Spim is spam delivered through instant messaging (IM) instead of through e-mail messaging. Although less ubiquitous than its e-mail counterpart, spim is reaching more users all the time. According to a report from Ferris Research, 500 million IM spam were sent in 2003, twice the level of 2002. As it becomes more prevalent, spim could impact the business community similarly to the way that spam does now, by consuming corporate resources and creating security problems.
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In some ways, IM is an especially useful channel for spammers. For one thing, the immediacy of IM makes users more likely to reflexively click links. Furthermore, because it bypasses anti-virus software and firewalls, IM is an easy means of passing on not only commercial messages, but also viruses and other malware. Meanwhile, government, corporations, and ISPs are united in the fight against spam, with proposed solutions such as e-mail postage and legislation such as the Can-Spam Act of 2003. As anti-spam measures for e-mail are more widely implemented and become more effective, frustrated spammers may increasingly turn to spim.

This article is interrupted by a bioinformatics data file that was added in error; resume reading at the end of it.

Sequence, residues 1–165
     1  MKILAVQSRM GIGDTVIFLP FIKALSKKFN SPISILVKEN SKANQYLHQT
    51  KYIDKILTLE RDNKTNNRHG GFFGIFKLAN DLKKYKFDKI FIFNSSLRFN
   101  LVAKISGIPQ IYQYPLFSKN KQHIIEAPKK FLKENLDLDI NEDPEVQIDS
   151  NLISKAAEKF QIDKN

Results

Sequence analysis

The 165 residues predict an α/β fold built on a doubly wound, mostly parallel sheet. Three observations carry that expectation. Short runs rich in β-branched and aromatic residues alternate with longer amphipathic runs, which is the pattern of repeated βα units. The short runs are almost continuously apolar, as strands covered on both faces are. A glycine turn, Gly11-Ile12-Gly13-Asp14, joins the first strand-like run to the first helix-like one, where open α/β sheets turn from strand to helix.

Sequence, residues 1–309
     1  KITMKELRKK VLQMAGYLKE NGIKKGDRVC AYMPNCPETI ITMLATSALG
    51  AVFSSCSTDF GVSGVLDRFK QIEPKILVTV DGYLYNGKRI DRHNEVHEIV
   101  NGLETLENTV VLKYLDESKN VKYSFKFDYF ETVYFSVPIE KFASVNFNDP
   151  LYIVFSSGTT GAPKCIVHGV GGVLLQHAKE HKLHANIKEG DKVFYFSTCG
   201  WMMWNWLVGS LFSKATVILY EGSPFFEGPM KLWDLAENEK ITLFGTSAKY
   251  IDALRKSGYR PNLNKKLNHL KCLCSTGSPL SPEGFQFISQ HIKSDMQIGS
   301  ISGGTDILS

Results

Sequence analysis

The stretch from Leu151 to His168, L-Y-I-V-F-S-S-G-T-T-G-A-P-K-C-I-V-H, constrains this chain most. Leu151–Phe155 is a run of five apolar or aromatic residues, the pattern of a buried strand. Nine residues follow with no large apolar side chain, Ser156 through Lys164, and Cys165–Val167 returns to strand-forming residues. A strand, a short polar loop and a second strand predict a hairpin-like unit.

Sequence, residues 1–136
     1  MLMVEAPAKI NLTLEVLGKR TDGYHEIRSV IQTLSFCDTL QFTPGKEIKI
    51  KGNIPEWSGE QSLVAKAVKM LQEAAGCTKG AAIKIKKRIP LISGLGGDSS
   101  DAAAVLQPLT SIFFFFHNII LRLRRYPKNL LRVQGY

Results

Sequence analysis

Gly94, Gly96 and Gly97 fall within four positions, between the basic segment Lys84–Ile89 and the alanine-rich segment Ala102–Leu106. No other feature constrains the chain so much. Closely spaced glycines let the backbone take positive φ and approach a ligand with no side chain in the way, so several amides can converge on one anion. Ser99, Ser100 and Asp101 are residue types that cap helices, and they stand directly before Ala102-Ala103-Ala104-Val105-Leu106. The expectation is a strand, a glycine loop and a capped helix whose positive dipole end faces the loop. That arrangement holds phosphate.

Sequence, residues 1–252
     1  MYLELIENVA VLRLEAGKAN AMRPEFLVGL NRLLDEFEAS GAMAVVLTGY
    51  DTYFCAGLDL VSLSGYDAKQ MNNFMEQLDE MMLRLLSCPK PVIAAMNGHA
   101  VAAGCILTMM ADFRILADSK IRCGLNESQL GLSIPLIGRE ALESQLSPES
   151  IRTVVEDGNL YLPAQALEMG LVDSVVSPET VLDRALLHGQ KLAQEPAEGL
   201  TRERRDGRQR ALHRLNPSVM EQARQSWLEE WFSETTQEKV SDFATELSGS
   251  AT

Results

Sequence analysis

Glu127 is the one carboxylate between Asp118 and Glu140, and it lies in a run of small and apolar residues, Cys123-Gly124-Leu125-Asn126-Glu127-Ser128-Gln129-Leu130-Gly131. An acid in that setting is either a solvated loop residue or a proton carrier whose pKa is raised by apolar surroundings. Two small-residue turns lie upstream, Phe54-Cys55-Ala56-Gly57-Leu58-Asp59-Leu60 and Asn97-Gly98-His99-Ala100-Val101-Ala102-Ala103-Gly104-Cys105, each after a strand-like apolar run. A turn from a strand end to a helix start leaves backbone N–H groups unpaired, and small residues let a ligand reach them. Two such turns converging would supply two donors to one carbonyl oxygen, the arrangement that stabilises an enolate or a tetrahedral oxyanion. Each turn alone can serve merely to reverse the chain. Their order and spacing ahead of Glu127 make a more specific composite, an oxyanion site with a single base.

One way to protect yourself from spim is to block messages from anyone not your buddy list, or to allow messages only from those on a permission list. Here's how to do that in some of the popular IM programs:
- In the AOL IM program window, select "preferences" on the bottom left hand side. In the Preferences window, elect the "Privacy" category from the list on the left-hand side, and then choose from the options available, such as "Allow only users on my Buddy list."
- In the Yahoo IM window, under "Login," select "Privacy Settings," and then select "Ignore anyone who is not on my Friends list."
- In the MSN Messenger window, under "Tools," select "Options," and then click the "Privacy" tab. Click the box by "Only people on my Allow List can see my status and send me messages."